Market Vet Says 25% One-Day Drop Could Happen

  • Leading fund manager Salem Abraham cannot rule out a scenario where stocks fall 25% in one day.
  • The 34-year-old market veteran witnessed the infamous Black Monday crash in 1987.
  • Both of these risks make him fearful that another sell-off is on the way.

Salem Abraham, a mutual fund manager who is in the top 5% of his category this year while beating the S&P 500 and the Nasdaq Composite, has a series of dire warnings for investors.

However, nothing is more staggering than the 34-year market veteran’s recent assertion that a large


A stock market crash and economic collapse in style cannot be ruled out.

It’s already been a miserable year for US equities, with the S&P 500 and Nasdaq Composite down 14.9% and 24% respectively to date. But the founder of Abraham Trading Company said those declines paled in comparison to what might follow.

“I see this, and I’m like, ‘This is really nothing,'” Abraham told Insider in an interview. “There is a much worse scenario than this.”

Fear breeds caution – and caution breeds success

Like all investors, Abraham is a product of his past. The former hedge fund manager and futures trader graduated from the University of Notre Dame in December 1987, just two months after Black Monday, which was – and still is – the worst day on record for US stocks.

The 22.6% crash in the Dow Jones Industrial Average forever changed Abraham’s career before it even began. The fear of another one-day annihilation drives the mutual fund manager to carefully manage risk through diversification, even if all seems to be sunny in the markets. This is the effect a giant storm can have.

“You always have to worry about what can happen,” Abraham said. “You’ll study history, and you’ll say to yourself, ‘At some point, it’s not ‘if’ – it’s ‘when’.'”

Although it may seem tedious, Abraham said he has made a habit of looking through the top 50 headlines on any given day. He focuses specifically on the less important stories outside of the top 10, which he says tend not to be fully integrated into the markets.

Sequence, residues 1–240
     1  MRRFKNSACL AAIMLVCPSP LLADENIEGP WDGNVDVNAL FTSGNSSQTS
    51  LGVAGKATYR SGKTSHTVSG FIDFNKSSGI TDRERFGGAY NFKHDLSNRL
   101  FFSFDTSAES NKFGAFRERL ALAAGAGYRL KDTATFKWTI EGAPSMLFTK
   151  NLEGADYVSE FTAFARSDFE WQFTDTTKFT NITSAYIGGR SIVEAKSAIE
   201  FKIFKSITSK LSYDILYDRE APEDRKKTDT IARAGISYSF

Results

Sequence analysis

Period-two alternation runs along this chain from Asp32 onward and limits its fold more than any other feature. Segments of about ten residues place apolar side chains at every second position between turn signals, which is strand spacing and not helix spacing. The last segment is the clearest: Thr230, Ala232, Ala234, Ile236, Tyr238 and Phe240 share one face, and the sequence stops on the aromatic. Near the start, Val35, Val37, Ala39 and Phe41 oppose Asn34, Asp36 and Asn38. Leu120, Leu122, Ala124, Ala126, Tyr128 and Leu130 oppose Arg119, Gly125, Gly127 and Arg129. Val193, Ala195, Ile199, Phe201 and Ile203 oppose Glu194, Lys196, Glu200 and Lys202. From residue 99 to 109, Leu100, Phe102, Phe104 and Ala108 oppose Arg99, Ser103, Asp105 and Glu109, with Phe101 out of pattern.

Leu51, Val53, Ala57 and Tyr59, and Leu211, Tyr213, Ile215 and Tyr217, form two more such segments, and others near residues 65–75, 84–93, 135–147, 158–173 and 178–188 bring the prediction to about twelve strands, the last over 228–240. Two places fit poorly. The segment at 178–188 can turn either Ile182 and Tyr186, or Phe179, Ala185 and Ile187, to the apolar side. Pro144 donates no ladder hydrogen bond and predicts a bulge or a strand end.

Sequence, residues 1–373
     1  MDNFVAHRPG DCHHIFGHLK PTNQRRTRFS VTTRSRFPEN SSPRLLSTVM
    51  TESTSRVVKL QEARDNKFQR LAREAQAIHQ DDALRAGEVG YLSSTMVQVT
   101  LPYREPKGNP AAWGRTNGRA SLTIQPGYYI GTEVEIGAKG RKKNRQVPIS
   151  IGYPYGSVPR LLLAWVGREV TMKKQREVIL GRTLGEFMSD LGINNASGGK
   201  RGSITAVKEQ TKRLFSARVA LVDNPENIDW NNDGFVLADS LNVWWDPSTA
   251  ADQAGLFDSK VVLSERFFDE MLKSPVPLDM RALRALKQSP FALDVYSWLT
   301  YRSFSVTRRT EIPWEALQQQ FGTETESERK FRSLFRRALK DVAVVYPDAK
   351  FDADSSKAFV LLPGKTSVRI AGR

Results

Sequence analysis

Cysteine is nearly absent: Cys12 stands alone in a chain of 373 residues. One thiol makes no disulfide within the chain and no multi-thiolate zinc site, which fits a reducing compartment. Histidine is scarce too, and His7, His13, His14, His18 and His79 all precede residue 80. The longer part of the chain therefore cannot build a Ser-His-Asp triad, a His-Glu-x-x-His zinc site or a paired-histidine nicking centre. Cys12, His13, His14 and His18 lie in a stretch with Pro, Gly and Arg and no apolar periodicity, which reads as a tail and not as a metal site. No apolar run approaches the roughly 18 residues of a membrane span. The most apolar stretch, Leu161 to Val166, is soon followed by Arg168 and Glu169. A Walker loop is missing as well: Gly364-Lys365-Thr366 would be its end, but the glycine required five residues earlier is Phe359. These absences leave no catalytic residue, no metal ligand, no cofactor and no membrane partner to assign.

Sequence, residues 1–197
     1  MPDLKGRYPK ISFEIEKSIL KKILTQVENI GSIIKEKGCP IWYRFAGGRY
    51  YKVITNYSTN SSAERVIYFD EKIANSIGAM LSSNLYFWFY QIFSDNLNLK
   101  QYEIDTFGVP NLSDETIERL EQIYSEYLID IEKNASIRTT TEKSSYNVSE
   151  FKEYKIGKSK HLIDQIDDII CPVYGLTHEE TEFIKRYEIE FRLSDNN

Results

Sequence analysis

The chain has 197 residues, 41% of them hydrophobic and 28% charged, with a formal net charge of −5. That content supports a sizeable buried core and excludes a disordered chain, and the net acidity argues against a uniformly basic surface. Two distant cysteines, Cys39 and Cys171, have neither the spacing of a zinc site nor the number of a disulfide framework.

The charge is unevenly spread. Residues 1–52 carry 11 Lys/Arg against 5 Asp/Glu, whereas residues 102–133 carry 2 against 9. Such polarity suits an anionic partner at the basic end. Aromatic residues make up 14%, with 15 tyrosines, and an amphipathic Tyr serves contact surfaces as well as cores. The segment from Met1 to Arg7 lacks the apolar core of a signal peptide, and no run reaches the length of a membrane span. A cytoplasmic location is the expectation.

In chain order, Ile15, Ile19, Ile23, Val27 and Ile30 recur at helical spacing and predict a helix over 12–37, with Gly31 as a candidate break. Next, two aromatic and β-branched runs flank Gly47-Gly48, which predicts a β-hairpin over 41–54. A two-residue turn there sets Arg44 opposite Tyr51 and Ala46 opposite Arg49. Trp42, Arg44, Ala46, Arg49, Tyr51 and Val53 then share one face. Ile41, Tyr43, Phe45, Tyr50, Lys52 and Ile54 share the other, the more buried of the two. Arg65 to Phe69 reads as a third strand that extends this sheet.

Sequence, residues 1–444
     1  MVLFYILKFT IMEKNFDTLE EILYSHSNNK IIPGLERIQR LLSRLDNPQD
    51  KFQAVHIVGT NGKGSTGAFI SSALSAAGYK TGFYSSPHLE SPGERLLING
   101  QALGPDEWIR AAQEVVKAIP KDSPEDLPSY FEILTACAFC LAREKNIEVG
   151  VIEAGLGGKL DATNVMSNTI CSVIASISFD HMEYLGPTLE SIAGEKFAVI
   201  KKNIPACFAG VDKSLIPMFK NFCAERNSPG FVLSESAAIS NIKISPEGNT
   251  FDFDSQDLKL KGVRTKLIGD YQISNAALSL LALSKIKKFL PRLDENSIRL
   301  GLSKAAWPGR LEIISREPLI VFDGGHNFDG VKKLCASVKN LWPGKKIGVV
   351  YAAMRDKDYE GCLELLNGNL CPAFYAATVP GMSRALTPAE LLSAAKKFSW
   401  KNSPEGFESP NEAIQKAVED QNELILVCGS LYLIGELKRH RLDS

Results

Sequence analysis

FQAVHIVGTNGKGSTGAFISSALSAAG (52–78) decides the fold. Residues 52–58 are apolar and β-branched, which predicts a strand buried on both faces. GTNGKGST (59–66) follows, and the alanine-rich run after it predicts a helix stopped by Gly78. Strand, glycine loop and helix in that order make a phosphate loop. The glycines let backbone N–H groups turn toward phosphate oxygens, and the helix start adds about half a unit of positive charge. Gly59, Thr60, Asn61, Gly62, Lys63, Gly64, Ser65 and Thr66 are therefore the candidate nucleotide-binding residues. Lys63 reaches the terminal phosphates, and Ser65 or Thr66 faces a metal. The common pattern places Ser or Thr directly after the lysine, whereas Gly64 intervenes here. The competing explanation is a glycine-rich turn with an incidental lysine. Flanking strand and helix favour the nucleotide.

Abraham’s stock-reading routine paid off in 2020. The longtime investor said he had heard for the first time of a mysterious upper respiratory illness that had killed a few people in China. in December 2019. About a month later, Abraham said he took two hours off his Sunday to read all the stories he could about the disease that would later be known as COVID-19. Then he said he traveled 100 miles to Amarillo, Texas, to buy “about 500” heavy-duty N95 masks for family members and employees. The mutual fund manager also lightened on equities.

Needless to say, these precautionary measures proved to be prescient for the performance of his business.

“It boils down to almost sick paranoia all the time, worrying about things, and you’re always protecting yourself,” Abraham said.

2 reasons why a stock market crash could happen

Any talk of a repeat of a market meltdown like the Dow’s 89% decline in the 1930s or the Nasdaq’s 76% plunge in the early 2000s is bound to be dismissed by bulls as a fear campaign. .

But while there are many clear differences between today’s stock market and those of the past, Abraham thinks ignoring the possibility of another hard selloff is a mistake.

“People have both short memories and a lack of respect for history,” Abraham said.

There are two main reasons Abraham said he was worried about a scary stock market sell-off: Investors are overexposed to equitiesand the

Federal Reserve

possesses depreciated the US dollar.

The longtime futures trader spoke at length to Insider about the benefits of diversification and explained why owning multiple types of stocks doesn’t really diversify. He said it was like making a fruit salad with 20 different varieties of apples and no bananas or grapes.